Global experience is also really beneficial, naturally. Work showing you can navigate through global accounts, further than your local market is exciting for brands and agencies. It shows you can think larger scale and bigger picture, and to be honest it’s quite a skill.
Can you give us an example of something you saw in a portfolio, that got you really excited?
I love to see personality in a portfolio, whether that be through an interesting layout or an ‘about me’ section that gives some insight into who you are and why I should be excited about you. Personally, I think it’s usually the silly or funny things that stick with me, like a creative teams picture being them photoshopped onto the back of a T-Rex. But also, I love super smart and well thought out details too, does your portfolio have a smart URL, or do you have hidden links in your portfolio leading me somewhere interesting? It’s often the smallest parts that stick with me too.
Of course, it’s great to see awards and recognisable work, but a lot of people don’t get access to these creative opportunities, so standing out in different ways is always key to me.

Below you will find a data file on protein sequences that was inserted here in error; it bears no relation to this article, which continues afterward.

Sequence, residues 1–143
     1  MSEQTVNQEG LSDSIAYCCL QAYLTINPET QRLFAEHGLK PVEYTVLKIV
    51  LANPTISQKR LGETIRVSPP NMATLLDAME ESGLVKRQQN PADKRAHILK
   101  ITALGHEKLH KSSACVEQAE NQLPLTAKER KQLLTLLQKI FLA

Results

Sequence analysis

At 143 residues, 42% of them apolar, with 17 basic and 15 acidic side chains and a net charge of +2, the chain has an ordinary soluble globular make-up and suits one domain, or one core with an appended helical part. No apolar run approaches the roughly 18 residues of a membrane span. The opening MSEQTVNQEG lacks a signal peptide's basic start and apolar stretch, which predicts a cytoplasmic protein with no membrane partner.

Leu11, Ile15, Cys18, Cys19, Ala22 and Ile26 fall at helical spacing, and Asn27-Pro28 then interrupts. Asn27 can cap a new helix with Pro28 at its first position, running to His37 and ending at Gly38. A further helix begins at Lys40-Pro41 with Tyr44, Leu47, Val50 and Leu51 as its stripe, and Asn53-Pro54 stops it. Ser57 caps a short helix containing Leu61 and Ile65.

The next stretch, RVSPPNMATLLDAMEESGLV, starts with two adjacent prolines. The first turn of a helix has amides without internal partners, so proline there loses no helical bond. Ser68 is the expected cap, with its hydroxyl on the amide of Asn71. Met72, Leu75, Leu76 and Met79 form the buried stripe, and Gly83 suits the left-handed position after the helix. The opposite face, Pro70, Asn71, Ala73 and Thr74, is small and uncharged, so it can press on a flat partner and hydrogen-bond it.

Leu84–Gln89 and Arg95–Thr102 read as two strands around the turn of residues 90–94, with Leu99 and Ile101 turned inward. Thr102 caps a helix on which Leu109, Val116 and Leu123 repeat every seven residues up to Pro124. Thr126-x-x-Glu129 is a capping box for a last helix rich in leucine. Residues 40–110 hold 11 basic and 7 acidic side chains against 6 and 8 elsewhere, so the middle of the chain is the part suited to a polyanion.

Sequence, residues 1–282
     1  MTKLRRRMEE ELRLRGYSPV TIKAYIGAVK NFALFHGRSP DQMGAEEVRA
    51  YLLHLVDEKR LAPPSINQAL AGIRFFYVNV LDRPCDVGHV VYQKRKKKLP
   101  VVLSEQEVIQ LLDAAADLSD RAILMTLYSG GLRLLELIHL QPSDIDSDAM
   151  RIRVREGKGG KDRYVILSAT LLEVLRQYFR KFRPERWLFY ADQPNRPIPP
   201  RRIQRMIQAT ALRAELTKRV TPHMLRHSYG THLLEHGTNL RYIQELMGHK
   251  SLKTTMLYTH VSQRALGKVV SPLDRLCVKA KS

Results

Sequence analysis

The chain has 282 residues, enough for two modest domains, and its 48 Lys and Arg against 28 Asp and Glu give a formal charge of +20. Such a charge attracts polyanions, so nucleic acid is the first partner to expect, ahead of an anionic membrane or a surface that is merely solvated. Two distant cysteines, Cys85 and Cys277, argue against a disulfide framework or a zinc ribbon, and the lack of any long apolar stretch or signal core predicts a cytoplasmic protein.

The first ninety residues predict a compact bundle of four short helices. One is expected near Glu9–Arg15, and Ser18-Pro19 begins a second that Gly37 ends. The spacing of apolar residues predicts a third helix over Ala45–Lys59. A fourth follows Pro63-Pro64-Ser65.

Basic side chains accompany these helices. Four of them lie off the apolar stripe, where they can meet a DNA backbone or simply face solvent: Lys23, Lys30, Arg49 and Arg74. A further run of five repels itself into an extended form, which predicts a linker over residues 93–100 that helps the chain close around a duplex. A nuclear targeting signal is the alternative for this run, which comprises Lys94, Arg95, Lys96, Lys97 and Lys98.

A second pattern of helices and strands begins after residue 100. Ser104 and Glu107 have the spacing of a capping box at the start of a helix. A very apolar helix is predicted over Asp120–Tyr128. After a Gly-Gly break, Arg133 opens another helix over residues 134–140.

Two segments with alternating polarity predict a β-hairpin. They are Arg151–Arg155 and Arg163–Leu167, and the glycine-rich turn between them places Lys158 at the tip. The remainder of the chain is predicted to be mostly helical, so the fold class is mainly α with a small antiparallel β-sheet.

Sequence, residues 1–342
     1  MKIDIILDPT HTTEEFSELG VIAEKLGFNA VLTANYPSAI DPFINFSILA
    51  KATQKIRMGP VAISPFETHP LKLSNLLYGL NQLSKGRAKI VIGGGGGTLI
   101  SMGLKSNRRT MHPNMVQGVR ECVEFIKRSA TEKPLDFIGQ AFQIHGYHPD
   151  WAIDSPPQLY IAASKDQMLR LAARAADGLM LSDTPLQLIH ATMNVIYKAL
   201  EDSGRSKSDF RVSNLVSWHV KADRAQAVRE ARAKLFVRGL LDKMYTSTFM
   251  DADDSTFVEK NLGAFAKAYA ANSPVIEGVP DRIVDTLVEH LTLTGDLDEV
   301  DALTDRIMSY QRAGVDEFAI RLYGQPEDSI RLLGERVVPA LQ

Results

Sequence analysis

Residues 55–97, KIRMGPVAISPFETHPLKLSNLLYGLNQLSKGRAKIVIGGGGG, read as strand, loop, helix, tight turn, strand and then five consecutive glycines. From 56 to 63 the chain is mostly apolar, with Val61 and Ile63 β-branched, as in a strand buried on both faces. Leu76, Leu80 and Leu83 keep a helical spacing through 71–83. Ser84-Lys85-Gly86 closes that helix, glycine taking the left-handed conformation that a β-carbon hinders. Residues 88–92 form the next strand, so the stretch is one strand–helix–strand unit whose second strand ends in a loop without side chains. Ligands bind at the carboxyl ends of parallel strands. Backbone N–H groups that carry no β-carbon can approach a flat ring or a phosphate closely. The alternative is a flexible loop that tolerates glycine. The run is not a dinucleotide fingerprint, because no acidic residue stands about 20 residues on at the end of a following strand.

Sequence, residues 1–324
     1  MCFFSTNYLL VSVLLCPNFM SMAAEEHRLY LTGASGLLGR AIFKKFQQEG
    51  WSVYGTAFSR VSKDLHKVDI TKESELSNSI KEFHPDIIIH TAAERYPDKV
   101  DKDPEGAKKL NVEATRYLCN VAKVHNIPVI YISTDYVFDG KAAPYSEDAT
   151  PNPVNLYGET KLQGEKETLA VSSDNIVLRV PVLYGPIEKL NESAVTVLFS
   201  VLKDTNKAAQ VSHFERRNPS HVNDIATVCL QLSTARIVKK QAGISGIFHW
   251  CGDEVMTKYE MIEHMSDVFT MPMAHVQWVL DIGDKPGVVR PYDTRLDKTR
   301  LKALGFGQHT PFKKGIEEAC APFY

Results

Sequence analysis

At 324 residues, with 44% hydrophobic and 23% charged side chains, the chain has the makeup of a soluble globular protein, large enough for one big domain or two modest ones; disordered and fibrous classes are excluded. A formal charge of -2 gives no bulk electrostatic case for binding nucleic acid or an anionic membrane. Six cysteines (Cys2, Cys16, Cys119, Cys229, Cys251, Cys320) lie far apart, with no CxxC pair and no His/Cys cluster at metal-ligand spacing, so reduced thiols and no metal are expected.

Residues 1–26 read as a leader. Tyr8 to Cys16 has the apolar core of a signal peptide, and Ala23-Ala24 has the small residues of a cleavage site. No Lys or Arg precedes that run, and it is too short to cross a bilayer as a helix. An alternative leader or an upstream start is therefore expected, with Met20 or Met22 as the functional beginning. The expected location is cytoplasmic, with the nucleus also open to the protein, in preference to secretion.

Passion projects / personal projects are always something I look out for too. A piece of work you made and pushed because it’s something you really care about, or something that truly energised you. That’s what gets me excited, and it’s usually talking through those projects when people really get into their flow.
Danique, coming back to you, do you see any difference between creatives from the Netherlands and international creatives?
Many Dutch agencies are pretty strong in developing innovative campaigns in the digital and social spaces. For that reason, we see that Dutch creatives have a lot of that type of work, while international candidates more often have more traditional portfolios. It’s important to be on top of innovations and new developments like ChatGPT and AI.
We see that it still can be a little hard for Dutch agencies to hire international creatives, because some clients prefer to work with Dutch creatives because the work is mostly in Dutch only. That means all communication has to be in English, while the work is in Dutch. They experience that as a big switch. We advise our clients to let go of this thought, because there is a huge pool of available talent that either lives in the Netherlands already or is willing to come and live here.
Of course, there are also agencies that are part of an international network, so are also making more international work for global clients. We like to work with those agencies to because we want to help international talent out as well.
Last but not least: Hot Takes by Cool Recruiters
To provide a platform for junior creatives, Danique & AMACOM highlight a talented creative every month on their website. If you want to be featured on their website, send an e-mail to firstname.lastname@example.org, including your portfolio or a case that shows your skills.
From: W+K Ams, Unknown, Amacom